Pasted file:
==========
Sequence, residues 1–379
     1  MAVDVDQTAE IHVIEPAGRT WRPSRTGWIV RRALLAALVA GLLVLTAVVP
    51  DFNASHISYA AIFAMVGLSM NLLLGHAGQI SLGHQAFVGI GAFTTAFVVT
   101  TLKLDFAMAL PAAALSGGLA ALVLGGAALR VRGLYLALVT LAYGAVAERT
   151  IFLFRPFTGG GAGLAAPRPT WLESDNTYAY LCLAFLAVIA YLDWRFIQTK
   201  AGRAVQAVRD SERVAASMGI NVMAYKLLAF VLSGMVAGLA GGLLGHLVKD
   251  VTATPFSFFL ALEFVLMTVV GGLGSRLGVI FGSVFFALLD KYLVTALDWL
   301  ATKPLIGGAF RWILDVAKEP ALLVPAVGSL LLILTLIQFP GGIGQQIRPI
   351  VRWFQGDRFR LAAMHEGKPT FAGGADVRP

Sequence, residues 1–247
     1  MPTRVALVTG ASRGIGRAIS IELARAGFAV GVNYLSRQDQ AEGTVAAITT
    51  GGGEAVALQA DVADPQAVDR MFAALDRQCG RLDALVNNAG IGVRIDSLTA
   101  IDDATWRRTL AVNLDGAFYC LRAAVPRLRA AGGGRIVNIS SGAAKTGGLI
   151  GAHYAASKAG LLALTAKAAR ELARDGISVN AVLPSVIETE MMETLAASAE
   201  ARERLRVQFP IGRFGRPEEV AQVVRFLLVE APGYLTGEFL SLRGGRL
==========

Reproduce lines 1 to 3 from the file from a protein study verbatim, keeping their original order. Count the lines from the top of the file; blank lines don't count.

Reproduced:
Sequence, residues 1–379
     1  MAVDVDQTAE IHVIEPAGRT WRPSRTGWIV RRALLAALVA GLLVLTAVVP
    51  DFNASHISYA AIFAMVGLSM NLLLGHAGQI SLGHQAFVGI GAFTTAFVVT